EDITORIAL: Comforting news

Many of those selling their kidneys are doing so out of compulsion as they are poor and have no, if any, income

Once Kavre district in particular was known as a kidney bank. Kidneys were sold particularly in India. The kidney smugglers encouraged the gullible villagers to sell their kidneys. However, now that awareness has been provided to the villagers it has succeeded in halting this racket which can be regarded as very inhumane. Education has also helped provide knowledge about this beastly practice. The kidney smuggling had started from Hokse and Jyamdi VDCs of Kavre district 22 years ago. Now it is claimed that the smuggling of kidneys from these VDCs is no longer taking place. Credit for this goes to organizations like the People’s Rights Protection Front which was able to convey the message that selling kidneys was not good for health. It is also alleged that some people sold their kidney after it came to light that there would be no scar after the removal of the kidney by performing plastic surgery to hide the wound.

Two persons are known to have sold their kidneys two years ago from Hokse, but no selling has taken place from the VDC for over two years. The people used to sell their kidney for about Rs. five lakhs. However, with the arrest of more kidney smugglers this cruel practice is now in the decline. Kidney smugglers according to the Human Trafficking and Exchange Act are fined up to Rs. five lakhs and sentenced to ten years of imprisonment. Considering the gravity of the crime of these smugglers they should receive sterner sentences. Since a mother of two children had sold her kidney for Rs. three lakh last year in order to pay the debts of her husband no new cases of kidney smuggling has been reported from the district. Incidentally, figures show the number of women selling their kidneys were three times more than men. The monitoring programme by the authorities as well as the launching of awareness drives appear to have paid off. Now the situation in the various VDCs in Kavre district has changed for the better.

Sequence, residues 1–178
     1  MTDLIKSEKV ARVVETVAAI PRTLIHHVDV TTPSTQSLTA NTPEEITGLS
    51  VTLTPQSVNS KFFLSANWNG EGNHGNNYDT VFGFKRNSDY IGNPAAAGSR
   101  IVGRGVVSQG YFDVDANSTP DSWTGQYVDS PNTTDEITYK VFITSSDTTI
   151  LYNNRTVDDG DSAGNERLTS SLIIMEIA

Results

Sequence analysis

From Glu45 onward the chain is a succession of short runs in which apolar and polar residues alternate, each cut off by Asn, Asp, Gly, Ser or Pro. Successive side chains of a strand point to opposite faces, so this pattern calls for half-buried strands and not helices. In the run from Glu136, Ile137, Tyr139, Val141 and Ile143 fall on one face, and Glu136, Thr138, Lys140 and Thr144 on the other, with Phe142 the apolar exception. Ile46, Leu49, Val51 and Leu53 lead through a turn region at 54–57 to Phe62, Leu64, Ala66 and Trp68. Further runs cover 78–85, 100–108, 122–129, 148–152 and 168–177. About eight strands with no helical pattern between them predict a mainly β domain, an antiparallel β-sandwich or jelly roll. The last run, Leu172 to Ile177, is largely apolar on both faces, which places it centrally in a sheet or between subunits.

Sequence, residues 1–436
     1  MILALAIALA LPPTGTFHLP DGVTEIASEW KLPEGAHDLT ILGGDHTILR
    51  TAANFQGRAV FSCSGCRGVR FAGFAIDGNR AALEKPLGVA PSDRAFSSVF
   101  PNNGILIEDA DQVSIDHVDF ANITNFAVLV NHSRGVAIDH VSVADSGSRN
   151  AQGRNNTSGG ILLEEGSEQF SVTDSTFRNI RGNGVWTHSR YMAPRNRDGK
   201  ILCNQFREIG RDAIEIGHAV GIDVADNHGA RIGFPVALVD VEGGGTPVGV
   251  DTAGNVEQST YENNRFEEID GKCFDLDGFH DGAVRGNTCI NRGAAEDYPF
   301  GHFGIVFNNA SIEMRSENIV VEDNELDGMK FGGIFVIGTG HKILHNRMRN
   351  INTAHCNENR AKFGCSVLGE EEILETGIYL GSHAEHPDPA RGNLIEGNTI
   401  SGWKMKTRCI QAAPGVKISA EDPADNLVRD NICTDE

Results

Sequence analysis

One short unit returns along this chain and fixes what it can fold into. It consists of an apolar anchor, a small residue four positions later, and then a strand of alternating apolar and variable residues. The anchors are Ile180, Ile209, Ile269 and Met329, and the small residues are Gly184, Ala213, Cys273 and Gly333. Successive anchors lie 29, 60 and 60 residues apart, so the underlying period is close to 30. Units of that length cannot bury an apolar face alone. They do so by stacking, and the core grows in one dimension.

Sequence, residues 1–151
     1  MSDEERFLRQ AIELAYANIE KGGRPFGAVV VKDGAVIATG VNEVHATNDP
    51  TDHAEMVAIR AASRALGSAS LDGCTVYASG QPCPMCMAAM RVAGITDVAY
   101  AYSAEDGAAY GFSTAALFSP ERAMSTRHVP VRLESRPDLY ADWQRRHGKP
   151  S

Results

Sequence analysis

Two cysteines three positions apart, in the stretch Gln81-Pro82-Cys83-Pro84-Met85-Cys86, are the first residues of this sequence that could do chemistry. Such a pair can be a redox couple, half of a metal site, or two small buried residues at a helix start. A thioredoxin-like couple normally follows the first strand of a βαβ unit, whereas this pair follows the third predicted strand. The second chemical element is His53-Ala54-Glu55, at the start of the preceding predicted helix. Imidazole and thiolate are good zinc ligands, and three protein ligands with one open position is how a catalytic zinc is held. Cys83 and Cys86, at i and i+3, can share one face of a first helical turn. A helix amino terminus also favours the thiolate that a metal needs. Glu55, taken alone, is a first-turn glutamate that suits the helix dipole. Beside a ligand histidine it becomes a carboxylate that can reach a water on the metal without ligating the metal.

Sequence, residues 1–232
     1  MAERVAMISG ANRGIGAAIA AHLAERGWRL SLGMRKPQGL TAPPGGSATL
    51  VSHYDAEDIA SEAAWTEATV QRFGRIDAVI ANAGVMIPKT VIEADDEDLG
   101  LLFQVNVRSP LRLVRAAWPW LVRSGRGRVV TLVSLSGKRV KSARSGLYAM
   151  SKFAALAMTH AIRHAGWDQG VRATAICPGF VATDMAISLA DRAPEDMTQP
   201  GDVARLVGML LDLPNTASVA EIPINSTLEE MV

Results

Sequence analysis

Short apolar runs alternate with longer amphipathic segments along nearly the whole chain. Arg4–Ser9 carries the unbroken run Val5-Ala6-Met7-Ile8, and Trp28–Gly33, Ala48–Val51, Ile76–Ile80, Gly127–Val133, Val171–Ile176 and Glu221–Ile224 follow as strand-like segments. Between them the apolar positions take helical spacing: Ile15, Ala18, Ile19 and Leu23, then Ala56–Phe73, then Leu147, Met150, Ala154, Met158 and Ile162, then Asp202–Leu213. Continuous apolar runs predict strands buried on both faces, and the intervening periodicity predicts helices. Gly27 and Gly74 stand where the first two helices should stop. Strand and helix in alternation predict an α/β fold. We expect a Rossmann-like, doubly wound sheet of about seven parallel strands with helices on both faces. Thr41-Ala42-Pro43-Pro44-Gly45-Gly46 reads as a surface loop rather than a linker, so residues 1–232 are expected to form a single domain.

Kidney smuggling should not be taken lightly. Those involved should realize their wrong for people who sell their kidneys suffer from various forms of physical illnesses. Many of those selling their kidneys do so out of compulsion as they are poor and have no, if any, income. This is indeed tragic because this ill practice is going on in many other places. In a bid to halt kidney trafficking the vulnerable population should be provided with a source of income, so that they do not choose to sell their kidney. Therefore, along with the awareness drive it is essential to provide those living lives of depravity with income generating jobs so that they are not led to sell their kidneys. Now it is indeed comforting to know that kidney smuggling is no longer taking place in Kavre, but it is no time to rest on our laurels. We should constantly be on the alert so that no such trafficking takes place. We cannot afford to let our vigil down for it is still possible that people would be selling their kidneys in desperation as they might have no other choice.

Dress code violation

In a bid to bring uniformity in the uniform worn by the civil servants, the government introduced a dress code to them in 2011. There are more than 75,000 civil servants who are provided Rs 7,500 in cash to each of them every year for this code. The government has to allocate over Rs 0.5 billion forpurchasing the dress as specified by the Ministry of General Administration. The aim of the government decision was to bring uniformity to all employees working at various government facilities and to maintain discipline.

However, the civil servants have been found violating the dress code with the passage of time. As many as 70 employees working in the Singh Durbar premises were barred from entering there on Sunday after their dress codes did not match the set specifications. The ministry had reissued circulars to all the employees days ahead warning them of disciplinary action if they were found not abiding by the proper dress code. When a civil servant attends office with a specified dress code a service seeker also finds it easy to identify who the civil servant is. The dress code also sends a positive message to the public when all civil servants abide by the rules and follow the dress code.